The Atlas thus published provided hazard maps on larger scale in digitized form so that the information is readily available to the planners, administrators and disaster managers in a user-friendly way. The state maps indicating district boundaries and names of the district towns for ease of identification of hazard zone boundaries in each district, information regarding the housing stock and the various house types, and vulnerability of existing house types based on observed performance through district-wise risk tables provided a unique platform for state and district administration to work out their disaster mitigation & management plans. Strengthening of techno legal regimes and structural measures for safer construction and retrofitting of existing houses could be more effectively implemented with the latest information available in this Atlas.
Since the publication of Vulnerability Atlas of India (2006), there has been invaluable feedback from users on the Atlas. Also, Vulnerability Atlas of India was brought out in digitized CD form in 2008 and was also uploaded on National Informatics Centre (NIC) platform. National Institute of Disaster Management (NIDM), Government of India also used the Atlas for training SAARC countries so as to prepare the region towards disaster risk reduction.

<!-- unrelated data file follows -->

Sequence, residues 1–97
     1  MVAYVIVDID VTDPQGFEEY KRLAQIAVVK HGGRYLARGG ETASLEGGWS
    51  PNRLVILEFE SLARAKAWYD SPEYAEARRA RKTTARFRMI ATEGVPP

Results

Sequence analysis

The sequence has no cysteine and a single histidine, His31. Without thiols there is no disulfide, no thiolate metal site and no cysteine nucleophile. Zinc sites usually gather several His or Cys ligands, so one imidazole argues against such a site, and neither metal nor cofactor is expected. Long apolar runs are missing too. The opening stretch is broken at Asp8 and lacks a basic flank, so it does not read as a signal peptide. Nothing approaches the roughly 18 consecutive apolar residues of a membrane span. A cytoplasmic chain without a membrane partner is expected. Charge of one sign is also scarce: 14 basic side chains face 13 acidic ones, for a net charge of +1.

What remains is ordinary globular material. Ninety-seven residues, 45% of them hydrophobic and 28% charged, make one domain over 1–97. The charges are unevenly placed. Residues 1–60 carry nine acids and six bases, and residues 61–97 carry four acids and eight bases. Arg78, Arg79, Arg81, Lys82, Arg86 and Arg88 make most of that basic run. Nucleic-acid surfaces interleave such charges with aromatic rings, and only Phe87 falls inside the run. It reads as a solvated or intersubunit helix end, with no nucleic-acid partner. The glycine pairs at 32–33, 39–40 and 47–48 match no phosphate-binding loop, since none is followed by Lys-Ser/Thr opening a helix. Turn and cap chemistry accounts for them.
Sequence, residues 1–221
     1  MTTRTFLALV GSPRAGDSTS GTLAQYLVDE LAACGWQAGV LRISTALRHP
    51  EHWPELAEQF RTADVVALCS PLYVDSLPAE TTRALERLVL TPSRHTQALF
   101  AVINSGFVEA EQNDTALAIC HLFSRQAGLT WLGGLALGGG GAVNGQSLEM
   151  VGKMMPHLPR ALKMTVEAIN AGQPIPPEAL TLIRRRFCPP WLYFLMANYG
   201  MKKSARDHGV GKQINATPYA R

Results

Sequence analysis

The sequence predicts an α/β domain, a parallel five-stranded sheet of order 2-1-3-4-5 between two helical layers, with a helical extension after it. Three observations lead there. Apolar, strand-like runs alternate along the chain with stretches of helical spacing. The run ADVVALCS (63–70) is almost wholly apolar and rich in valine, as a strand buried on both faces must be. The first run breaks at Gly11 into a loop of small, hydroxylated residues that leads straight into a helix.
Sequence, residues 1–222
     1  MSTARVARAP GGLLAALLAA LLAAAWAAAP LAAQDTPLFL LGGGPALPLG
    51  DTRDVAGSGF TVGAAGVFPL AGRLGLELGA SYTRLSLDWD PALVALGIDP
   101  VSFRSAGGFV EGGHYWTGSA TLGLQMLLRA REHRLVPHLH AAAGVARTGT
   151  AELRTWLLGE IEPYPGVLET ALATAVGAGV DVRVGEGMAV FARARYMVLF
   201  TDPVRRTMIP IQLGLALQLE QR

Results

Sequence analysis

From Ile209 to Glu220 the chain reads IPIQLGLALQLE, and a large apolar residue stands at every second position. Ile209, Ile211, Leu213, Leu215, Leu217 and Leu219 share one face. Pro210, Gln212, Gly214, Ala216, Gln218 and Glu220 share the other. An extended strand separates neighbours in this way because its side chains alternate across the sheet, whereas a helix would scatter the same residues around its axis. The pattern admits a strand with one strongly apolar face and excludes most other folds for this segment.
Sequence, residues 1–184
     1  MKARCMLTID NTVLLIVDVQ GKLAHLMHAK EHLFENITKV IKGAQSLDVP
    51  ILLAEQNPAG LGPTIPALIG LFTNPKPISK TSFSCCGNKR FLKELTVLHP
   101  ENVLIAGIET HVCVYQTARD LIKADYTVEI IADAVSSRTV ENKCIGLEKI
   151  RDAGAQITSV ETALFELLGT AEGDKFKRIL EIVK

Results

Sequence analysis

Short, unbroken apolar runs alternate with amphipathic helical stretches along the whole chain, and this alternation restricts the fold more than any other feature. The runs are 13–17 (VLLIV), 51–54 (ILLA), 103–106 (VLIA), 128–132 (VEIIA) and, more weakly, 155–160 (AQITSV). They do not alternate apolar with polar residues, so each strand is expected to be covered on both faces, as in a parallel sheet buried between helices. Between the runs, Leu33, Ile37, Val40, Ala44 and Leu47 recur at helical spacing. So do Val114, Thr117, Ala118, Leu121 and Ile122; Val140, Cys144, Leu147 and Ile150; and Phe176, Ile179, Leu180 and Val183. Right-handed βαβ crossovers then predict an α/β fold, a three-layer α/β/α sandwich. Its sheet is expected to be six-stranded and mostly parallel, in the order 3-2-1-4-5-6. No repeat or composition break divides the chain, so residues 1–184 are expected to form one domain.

There have been subtle changes in the available knowledge and information in the area of disaster mitigation and management. New datasets with respect to earthquake occurrence, cyclones, wind storms, landslides, thunderstorm etc. have been brought out by nodal government agencies. There are demographic changes also on account of formation of new States and new districts. Thunderstorms, urban flooding, flash floods have also caused significant damages to lives and properties..
With the advancement of scientific & technical knowledge, addition of new datasets, experience of disasters caused due to earthquakes, cyclones, damages potential of landslides/mass movements, floods, frequent thunderstorms, failures of roadways and railways during disasters, changes in the political map of the country, new data statistics of walling and roofing data of houses; the revision of the Atlas was initiated by the Peer Group set up by the Ministry of Housing & Urban Affairs vide OM No.I-21011/1/2015-HFA/FTS-13218 dated 18th June 2015. The revised Atlas 2019 contains following new special features:
State and district boundaries as per Survey of India's digitized data.
1. Inclusion of railways, national highways, expressways and water bodies in hazard maps.